Monday, June 23, 2008

Lawmune's Netspace turns 10

Ten years ago today, on June 23rd, 1998, this website ("Lawmune's Netspace") went live. Some of the pages were created before June 23rd, but they weren't available on the Internet until that day.

1998 was the year I graduated from college, which is why I started this site in the first place--as a method of communicating with my college friends and whoever else was interested in reading what I wrote.

A lot has changed since then, but a lot has stayed the same, too. Most of the pages I put up in those early days are still up. Some of it is outdated, but that's okay. I like having it there for the historical record. Besides, the Web shouldn't be full of dead links, and taking content down just because it's old is bad for the Web. I'll eventually update those old pages, some day.

A personal website turning 10 years old might not seem like a big deal, but this site has been very important in my life. Because of Lawmune's Netspace, I've gotten the chance to express myself as a fan of various things, shared knowledge and opinions, gotten involved in other people's creative projects, been invited to speak on several occasions, provided the idea for a character, and even got myself a job. Furthermore, with a brief note of thanks, I reminded the woman who would later become my wife how important she is to me.

My friends know that I'm a fairly private person. I prefer keeping to myself (and my family), but the Web has been a great place for me to share at my own pace. After 10 years, you might think there should be a lot more content here, but I'm actually very happy with what I've got. (That said, I still have a ton of half-formed ideas waiting to turn into full-fledged webpages.)

If you happen upon this blog post, and if this site has helped or entertained you at all during the last 10 years, thank you for visiting and reading! With so many different kinds of pages out there--including social networking sites, wikis, news aggregators, blogs, etc--the humble personal page seems to have fallen out of fashion, but I still think they (personal pages) are important and rewarding. Here's to 10 years! Let's see what the next 10 will bring.

Monday, June 09, 2008

Moving forward from sad days in Akihabara

Here are some links to articles about the recent tragedy in Akihabara, where a young man killed 7 people and injured several more:

17 Hit or Stabbed, 7 Confirmed Dead in Tokyo's Akihabara

Cry for help from comic book killer

Tragedy strikes Tokyo's geeks

Akihabara, of course, is the world's most famous otaku hotspot, known for its heavy concentration of anime and manga-related stores, maid cafes, and public cosplay (usually on Sundays). In recent times, there have been various reports of some otaku being mugged there, or of police cracking down on impromptu otaku gatherings, but in general, Akihabara has been considered a fun and safe place for otaku to visit. I've only been there once, but I had a good time shopping in the otaku specialty stores.

Right now, Akihabara is a site of mourning. I imagine that otaku in Japan feel the hurt on a very personal level, with their safe haven violated--by someone who shared their interests in anime and manga, no less, and many otaku in Japan probably relate to the suspect's alleged feelings of alienation. I linked to the 2 articles above, not because they're necessarily the best ones out there, but because they've tried to link (implicitly or otherwise) the suspect's actions with his hobbies, which is sure to flare up the never-ending debates about the harmfulness of mass media.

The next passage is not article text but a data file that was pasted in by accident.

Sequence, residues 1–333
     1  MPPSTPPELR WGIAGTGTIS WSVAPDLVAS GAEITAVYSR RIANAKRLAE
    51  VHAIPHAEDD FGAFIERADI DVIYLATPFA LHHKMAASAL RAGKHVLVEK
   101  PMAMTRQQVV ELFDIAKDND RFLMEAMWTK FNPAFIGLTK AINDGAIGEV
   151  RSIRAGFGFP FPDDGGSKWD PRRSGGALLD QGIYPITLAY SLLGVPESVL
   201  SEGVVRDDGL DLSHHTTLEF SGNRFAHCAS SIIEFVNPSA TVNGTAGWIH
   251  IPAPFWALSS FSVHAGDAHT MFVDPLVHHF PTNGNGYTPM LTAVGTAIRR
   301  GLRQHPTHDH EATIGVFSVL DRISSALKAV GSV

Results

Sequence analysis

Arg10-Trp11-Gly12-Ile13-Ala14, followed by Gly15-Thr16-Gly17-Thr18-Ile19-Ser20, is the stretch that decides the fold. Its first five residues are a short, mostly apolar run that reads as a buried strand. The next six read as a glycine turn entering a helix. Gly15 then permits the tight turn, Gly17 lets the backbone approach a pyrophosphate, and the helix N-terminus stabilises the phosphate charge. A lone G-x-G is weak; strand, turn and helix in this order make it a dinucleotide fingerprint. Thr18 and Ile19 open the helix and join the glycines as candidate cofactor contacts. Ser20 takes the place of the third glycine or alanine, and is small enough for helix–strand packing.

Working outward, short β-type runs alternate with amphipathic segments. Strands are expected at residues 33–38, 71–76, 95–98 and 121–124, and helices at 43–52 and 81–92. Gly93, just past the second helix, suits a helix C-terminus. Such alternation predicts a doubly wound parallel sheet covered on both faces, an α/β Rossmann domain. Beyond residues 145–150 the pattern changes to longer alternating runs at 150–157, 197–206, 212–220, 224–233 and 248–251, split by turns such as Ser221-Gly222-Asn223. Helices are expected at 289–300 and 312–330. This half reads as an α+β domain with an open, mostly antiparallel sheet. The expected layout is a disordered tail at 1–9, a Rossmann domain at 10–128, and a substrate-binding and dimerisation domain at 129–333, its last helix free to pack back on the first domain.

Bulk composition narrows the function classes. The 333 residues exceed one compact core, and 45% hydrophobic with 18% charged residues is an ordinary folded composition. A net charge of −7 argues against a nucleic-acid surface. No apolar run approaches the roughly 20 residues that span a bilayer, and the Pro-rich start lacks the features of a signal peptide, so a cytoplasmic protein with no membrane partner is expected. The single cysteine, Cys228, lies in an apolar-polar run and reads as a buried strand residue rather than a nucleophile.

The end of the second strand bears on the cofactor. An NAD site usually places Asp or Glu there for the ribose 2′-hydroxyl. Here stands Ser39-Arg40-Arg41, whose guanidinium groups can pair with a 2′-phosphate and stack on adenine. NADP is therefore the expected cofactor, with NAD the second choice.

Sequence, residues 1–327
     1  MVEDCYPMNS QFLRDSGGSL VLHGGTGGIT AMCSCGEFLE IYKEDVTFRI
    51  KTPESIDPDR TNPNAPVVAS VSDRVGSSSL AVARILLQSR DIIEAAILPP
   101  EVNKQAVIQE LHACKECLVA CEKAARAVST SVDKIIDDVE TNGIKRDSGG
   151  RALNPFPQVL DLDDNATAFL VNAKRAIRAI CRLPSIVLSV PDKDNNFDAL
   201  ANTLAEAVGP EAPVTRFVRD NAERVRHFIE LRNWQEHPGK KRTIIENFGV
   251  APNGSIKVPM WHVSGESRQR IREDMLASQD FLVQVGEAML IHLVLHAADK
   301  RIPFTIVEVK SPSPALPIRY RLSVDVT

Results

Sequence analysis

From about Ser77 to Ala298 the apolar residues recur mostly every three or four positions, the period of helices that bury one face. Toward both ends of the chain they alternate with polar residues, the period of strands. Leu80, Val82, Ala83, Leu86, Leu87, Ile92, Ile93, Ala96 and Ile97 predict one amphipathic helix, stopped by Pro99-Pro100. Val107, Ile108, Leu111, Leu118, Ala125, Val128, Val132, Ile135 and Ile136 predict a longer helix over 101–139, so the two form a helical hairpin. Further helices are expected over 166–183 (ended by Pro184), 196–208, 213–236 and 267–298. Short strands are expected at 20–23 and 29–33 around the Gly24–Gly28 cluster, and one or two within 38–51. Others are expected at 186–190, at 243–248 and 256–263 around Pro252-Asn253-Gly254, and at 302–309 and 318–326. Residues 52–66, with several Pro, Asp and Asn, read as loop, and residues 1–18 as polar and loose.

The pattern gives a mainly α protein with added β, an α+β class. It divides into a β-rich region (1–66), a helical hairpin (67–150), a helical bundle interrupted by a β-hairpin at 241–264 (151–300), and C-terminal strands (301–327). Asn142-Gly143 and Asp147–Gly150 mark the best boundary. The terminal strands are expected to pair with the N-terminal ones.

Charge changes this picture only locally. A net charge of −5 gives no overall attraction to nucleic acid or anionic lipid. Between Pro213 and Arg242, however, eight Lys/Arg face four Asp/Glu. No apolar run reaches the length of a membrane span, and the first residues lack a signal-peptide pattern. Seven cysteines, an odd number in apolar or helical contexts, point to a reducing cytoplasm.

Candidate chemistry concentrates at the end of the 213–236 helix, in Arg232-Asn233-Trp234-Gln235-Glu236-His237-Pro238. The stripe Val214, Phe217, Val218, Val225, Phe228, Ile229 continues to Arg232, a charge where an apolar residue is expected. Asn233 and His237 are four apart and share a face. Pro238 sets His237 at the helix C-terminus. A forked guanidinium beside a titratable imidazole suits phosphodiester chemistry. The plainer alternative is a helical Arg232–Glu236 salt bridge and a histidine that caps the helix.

In fact, it's fairly safe to predict that we will see the following two viewpoints expressed in the media during the next few weeks:

1) Otaku culture is causing the breakdown of mainstream Japanese society
2) Otaku culture is a symptom of the overall breakdown of mainstream Japanese society

I suppose that point #2 is a bit more reasonable than point #1, but what we almost never see, however, is an idea I've tried to propagate for some time now: Otaku culture is neither the cause of the problem, or a negative symptom of the problem. Instead, otaku culture is a positive subcultural reaction to the problems of Japanese, American, and other postmodern societies. Sure, one could easily focus on all of the negative aspects of people who are called or call themselves otaku--people have been making fun of otaku for over 25 years--but considering that most otaku around the world aren't criminals but are instead doing some very cool and creative things, and belong to vibrant and diverse communities surrounding their interests, why shouldn't we focus on (and encourage) the positive?

I think's it's important not to let events such as these be the catalyst for others to judge otaku based on fear. More importantly, perhaps, anime and manga fans should resist the urge to point to their peers who might be more introverted, have more alternative tastes, or simply look different and beratingly call them 'otaku' to distance themselves from negative mainstream attention toward anime fans in general. Instead of continuing the cycle of alienation, propagated by divisive and sensational stories in the media, we can try to be inclusive and encouraging of pluralism, at least within our own community.